The hot summer weather is now here and that means that many people will be thinking of buying or using a garden water sprinkler to keep their garden plants and lawns in top condition.
As T3's gardening expert I've reviewed and rated many of the best garden sprinklers on the market today and accrued a little expertise in how they should be used and the mistakes people can make with them. So I thought I would pass on what I've learned.
I'm currently operating an oscillating Hoselock Rectangular Sprinkler mostly. This type of sprinkler is the most common on the market today, so the mistakes listed here are primarily based on that type. However, these mistakes apply to all sprinkler types.
So be sure to read these 5 common sprinkler mistakes before attempting to water your own lawn or garden with one.
1. Using your sprinkler at the wrong time of day
I'd say this is the one mistake that I see most from people. But, to be very clear right out of the gate, you should never use a garden sprinkler in the heat of the day.
Turn on your sprinkler when the sun is beating down on the turf and plants and the majority of that will evaporate before it can actually seep down into the soil. You'll end up wasting water and not adequately watering grass or flowers.
When you should use your garden water sprinkler is in the early morning and late evenings. Water will be dispensed and absorbed by organics quicker and more effectively, setting them up for healthy growth in the sun when it returns.
2. Using your sprinkler too much
Another classic mistake I see a lot is a sprinkler being used too much. I've passed people's houses where front lawns are being watered at 9am and are still being watered at 2:30pm.
To be clear – watering anything too much is a bad thing, including grass. More water does not equal more growth, it isn't that simple, and actually overwater can arrest growth, lead to fungal problems and issues like root rot and root de-oxygenation and, in the worst case scenarios, actually kill plants.
In addition, watering plants too much can make them reliant on the manual watering, arresting deep root growth and making them less hardy.
The amount of sprinkler action your garden should receive will of course change depending on the season and what is being watered, but always fight against the urge to make watering sessions to frequent and to use too much water.
3. Not adjusting your sprinkler's water distribution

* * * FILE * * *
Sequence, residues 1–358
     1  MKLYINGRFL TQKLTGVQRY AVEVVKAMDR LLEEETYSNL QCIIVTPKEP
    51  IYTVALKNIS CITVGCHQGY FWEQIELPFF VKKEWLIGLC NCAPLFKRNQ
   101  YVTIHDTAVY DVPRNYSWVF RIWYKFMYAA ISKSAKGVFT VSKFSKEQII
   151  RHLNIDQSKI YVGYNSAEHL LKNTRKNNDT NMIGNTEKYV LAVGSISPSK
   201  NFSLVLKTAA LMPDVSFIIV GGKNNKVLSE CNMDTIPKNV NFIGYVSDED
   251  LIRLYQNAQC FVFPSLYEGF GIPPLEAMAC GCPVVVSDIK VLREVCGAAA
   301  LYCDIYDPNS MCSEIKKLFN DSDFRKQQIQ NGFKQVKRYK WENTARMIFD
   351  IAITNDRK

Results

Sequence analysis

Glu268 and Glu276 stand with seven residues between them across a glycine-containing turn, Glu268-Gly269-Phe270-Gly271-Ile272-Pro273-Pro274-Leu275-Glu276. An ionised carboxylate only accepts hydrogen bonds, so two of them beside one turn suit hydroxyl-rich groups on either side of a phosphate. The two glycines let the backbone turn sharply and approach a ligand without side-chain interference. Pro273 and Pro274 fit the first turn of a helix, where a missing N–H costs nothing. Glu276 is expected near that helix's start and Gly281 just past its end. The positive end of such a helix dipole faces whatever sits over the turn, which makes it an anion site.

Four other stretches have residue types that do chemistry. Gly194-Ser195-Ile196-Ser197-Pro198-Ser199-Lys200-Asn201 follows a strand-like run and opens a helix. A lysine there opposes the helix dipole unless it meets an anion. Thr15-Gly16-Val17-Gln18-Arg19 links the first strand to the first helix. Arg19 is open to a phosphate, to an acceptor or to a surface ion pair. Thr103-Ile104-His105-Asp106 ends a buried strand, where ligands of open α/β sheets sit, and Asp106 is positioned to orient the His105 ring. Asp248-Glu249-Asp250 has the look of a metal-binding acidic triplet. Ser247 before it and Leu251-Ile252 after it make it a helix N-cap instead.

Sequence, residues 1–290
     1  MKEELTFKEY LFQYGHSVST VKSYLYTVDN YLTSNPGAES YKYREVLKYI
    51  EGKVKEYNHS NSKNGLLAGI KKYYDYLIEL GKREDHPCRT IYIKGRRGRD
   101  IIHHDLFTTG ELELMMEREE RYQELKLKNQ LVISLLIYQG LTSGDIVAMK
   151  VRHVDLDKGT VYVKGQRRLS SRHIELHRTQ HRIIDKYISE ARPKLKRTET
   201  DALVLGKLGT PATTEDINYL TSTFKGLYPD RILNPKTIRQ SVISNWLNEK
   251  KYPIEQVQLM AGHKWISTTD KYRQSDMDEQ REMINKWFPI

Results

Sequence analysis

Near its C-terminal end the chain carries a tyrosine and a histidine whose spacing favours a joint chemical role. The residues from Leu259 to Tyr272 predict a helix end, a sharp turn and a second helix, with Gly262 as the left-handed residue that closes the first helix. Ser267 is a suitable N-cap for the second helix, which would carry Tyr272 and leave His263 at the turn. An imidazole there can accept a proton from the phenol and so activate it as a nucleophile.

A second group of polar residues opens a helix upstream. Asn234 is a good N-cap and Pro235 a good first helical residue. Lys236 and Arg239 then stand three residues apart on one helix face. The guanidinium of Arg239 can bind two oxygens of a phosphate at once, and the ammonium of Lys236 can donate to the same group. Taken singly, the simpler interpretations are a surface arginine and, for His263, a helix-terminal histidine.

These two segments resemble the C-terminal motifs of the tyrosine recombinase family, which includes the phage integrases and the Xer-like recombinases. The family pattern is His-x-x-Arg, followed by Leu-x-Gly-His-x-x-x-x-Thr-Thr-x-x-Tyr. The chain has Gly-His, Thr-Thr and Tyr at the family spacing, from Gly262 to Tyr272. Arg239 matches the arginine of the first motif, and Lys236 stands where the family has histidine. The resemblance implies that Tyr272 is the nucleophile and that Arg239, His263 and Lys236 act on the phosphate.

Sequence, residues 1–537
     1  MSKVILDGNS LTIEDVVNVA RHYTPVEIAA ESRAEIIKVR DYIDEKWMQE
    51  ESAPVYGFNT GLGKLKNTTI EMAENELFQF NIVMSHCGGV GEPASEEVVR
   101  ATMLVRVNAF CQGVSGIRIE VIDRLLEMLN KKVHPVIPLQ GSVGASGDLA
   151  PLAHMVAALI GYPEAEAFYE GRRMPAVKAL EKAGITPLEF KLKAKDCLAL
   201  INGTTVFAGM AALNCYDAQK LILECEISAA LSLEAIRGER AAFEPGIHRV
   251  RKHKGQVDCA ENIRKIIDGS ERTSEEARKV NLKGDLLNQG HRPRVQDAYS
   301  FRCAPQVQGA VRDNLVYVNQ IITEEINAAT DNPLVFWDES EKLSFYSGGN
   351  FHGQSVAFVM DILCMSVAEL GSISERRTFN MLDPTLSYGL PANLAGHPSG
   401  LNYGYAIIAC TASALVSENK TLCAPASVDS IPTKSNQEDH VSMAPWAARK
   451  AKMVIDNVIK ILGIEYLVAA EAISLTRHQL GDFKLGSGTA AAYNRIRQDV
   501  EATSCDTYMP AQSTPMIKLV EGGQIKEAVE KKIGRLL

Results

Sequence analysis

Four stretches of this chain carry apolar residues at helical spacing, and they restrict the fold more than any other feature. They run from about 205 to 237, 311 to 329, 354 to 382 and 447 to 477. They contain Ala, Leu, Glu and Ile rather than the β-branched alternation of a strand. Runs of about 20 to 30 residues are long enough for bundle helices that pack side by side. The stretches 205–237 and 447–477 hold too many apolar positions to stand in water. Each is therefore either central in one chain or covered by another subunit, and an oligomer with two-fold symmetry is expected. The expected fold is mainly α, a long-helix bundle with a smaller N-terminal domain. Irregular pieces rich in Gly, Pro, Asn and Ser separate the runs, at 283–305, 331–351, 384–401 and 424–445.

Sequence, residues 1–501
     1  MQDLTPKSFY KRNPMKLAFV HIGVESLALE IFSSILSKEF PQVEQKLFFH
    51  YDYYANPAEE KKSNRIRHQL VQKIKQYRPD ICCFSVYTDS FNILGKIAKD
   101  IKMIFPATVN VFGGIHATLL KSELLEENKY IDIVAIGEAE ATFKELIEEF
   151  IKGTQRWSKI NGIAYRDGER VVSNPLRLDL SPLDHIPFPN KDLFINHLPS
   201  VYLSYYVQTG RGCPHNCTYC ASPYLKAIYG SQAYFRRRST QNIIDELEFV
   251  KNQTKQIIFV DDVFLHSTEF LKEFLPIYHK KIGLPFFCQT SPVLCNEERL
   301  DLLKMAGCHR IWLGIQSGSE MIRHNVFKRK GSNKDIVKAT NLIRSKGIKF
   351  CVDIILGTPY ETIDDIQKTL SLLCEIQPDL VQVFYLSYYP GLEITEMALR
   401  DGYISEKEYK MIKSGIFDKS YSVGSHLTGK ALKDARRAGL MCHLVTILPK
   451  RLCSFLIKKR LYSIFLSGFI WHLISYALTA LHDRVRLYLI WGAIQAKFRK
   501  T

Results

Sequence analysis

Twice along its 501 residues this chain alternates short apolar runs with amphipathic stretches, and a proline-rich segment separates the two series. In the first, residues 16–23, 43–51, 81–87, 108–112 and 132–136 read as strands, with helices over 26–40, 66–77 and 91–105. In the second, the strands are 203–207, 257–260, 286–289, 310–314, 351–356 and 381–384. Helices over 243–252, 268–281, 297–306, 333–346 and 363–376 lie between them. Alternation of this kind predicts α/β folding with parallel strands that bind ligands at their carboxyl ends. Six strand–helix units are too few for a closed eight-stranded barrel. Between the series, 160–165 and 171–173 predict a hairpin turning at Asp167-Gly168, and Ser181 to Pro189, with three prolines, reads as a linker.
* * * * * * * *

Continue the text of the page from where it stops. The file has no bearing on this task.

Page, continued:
Most water sprinklers will come with adjustable distribution sliders. These are included for a reason, so make use of them. I've seen many people set up a water sprinkler on their lawn with it only watering a portion of it due to a tight water arc, despite the fact the sprinkler could be covering a wider area with a bit of adjustment.
Again, don't be suckered into thinking that you need to see glistening pools of water all over your grass or soil for it to be considered well watered. As a general rule I always tend to lean towards a wider spread and less water per square meter, as the truth is if you water at the correct time then you don't need any more.
So make use of those adjustment sliders on your water sprinkler, they'll save you money (due to watering a larger area with the same amount of water).
4. Using the wrong type of sprinkler for the job
Oscillating sprinklers are the most common type of sprinkler on the market, and they are good for watering lawns especially. This is because they throw up a arc of water droplets that drop in a quite consistent area, which can be controlled with slides. They distribute evenly, too.
However, other types of sprinklers exist as well, such as impact sprinklers and rotating sprinklers that also have their own benefits. Rotating sprinklers, for example, tend to emit smaller water droplets, which are good when needing to water smaller, more delicate plants, while impact sprinklers have a far larger range than oscillating which makes them good for watering wide open areas.
Basically, make sure you're using the right sprinkler for the job, as the last thing you want to do, for example, is turn on an impact sprinkler in the heart of an allotment of delicate young plants.
5. Leaving your sprinkler out
There's multiple reasons to take your sprinkler inside once it has been used. These include not leaving it covering an area of grass that is therefore being blocked from the rays of the sun (hello ugly patch of pale, withered sward!) and not allowing its internals to dry out effectively between uses (hello gunged up, limescale-ridden interiors).
In addition, in climates where the night time temperature can plunge to minus numbers, then you can say hello to ice damage and goodbye to a working sprinkler.
In my experience sprinklers will not have a long shelf life unless they are treated well, and making sure one they've been used they are cleaned and dried through is a great way to keep them in perfect working order.
I tend to water my plants in the morning with sprinklers and - especially with my oscillating types - then look to leave them in the sun to dry out before storing them away until their next usage.
This is the garden water sprinkler I'm currently using
If you want a rock-solid oscillating sprinkler all-rounder that doesn't cost a lot then I recommend the Hozelock Rectangular Sprinkler. I've got this listed as the "best mid-priced oscillating sprinkler" in T3's best garden sprinkler buying guide, as it is easy to use, versatile and affordable.